Hanky Panky – Recipe from Harry Craddocks ‘The Savoy Cocktail Book’

1 part Italian vermouth

1 part French Vermouth

1 dash Fernet Branca

Stir, garnish with an orange twist

Ada Coleman was one of the first famous female bartenders and started out at Claridge’s before she presided over the Savoy’s American Bar. She worked here for 25 years prior to the eminent Harry Craddock, serving such luminaries as Charlie Chaplin, Mark Twain and Marlene Dietrich before finally when the Savoy closed for a major refurbishment.

The drink was created while America was held in the grip of prohibition, allegedly for a Charles Hawtrey (a famous actor later known for the ‘Carry On’ films) who wanted something with a bit of punch in it, Ada experimented for a while before coming up with this drink, the first time Charles tried it he exclaimed “By Jove! That is the real hanky-panky!”, and the name stuck, just like the drink, today its supposedly in the top 50 called classic drinks, although I have never been asked for one.

The term Hanky Panky has been around since the early part of the 1800’s, and its definition was something along the lines of magic or witchcraft, it wasn’t until just prior to WW2 that it started to take on a more romantic meaning. And it’s this early definition of this word which works perfectly for this drink, the drink is that classic balance of gin and Italian, but the fernet lifts it beautifully, cutting through the sweetness, the classy addition of bitters that works with all the gin and vermouth combos.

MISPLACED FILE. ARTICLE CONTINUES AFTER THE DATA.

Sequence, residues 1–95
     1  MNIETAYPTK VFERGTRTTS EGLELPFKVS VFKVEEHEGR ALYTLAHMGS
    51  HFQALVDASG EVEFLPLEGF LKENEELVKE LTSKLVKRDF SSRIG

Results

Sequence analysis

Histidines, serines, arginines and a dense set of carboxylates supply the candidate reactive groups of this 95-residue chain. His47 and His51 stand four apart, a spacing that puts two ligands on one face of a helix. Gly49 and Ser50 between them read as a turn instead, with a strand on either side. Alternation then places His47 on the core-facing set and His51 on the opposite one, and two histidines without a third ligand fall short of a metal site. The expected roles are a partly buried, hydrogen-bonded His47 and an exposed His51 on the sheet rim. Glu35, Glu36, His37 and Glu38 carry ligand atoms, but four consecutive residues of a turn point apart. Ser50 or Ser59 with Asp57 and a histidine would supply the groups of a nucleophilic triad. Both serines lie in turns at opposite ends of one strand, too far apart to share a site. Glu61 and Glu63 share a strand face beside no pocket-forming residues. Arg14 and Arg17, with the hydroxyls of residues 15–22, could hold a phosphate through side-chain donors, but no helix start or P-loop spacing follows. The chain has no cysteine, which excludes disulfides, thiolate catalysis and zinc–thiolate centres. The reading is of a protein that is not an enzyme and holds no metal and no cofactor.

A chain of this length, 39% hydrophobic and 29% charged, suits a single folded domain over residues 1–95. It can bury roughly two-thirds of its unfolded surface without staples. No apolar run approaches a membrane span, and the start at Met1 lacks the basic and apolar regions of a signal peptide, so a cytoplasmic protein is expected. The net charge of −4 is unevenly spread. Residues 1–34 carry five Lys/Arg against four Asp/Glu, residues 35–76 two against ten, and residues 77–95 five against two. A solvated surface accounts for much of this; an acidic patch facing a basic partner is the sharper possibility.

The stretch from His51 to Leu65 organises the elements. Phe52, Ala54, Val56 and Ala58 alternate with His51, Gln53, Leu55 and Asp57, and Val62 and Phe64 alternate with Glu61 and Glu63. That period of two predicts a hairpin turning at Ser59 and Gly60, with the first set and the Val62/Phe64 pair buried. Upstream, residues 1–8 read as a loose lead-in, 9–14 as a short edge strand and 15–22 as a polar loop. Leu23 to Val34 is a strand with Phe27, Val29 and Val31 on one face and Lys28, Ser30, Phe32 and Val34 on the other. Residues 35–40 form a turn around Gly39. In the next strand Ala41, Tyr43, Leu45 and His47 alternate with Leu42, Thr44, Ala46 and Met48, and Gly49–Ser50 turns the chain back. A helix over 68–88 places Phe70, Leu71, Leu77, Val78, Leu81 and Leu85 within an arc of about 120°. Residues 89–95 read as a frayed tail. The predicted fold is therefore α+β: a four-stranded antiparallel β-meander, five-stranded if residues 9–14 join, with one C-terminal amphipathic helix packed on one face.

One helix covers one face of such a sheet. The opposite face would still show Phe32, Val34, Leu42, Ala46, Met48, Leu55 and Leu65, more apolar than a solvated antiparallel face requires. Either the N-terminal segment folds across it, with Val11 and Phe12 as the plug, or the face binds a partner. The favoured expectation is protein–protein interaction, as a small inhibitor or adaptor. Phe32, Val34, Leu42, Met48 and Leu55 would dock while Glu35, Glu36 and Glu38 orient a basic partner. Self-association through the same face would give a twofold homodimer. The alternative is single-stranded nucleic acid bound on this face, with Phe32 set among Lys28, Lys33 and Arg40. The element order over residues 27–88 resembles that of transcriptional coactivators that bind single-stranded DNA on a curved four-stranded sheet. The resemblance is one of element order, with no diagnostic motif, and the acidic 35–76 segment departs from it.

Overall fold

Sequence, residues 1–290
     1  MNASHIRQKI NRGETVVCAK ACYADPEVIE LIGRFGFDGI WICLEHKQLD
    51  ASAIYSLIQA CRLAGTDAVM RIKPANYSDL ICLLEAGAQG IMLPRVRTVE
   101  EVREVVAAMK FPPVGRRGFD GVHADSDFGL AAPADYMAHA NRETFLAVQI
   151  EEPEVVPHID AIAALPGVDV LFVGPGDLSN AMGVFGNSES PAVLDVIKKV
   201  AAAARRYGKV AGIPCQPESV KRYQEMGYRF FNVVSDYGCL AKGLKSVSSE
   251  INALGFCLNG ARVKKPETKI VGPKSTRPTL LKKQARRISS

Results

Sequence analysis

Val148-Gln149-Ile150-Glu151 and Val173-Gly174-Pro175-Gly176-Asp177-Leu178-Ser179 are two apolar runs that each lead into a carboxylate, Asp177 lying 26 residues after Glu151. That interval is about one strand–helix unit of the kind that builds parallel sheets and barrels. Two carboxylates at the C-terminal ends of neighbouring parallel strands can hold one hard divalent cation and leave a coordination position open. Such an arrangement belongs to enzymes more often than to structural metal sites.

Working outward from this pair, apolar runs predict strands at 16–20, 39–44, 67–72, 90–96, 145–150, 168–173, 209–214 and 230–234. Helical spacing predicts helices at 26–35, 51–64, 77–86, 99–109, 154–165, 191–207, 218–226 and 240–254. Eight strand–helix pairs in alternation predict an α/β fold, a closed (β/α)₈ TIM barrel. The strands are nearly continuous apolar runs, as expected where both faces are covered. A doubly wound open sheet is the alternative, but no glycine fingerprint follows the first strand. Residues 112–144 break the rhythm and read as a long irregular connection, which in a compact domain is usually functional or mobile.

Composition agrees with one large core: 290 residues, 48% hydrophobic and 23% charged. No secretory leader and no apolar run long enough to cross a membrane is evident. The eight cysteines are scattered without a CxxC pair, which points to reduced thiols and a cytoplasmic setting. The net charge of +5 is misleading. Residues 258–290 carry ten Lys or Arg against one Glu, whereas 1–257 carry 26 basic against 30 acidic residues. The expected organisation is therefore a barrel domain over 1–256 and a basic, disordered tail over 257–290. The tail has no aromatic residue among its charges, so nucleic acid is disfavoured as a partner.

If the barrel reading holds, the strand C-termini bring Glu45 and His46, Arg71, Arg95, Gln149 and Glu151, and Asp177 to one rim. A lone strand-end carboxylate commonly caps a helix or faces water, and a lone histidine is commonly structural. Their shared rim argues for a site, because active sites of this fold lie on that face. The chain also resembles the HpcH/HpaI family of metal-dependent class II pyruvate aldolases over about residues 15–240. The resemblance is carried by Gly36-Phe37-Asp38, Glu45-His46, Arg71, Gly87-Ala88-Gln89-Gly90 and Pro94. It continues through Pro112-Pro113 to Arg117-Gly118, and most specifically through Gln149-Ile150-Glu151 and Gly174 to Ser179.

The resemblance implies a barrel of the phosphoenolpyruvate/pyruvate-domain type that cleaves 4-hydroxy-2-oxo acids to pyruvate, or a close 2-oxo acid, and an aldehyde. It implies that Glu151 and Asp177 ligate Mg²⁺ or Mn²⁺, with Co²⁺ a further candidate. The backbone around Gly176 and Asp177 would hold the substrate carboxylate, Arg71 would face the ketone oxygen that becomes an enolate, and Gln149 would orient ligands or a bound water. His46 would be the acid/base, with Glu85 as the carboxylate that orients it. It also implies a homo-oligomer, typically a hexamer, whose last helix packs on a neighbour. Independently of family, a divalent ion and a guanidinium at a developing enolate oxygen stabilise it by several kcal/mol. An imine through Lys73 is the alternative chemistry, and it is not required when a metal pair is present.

I made this during one of or gin cocktail classes at Goat, its always a bonus when we make a little to much of one of these classics as I get to finish the class glass in hand, and some nights a little witchcraft goes a long way.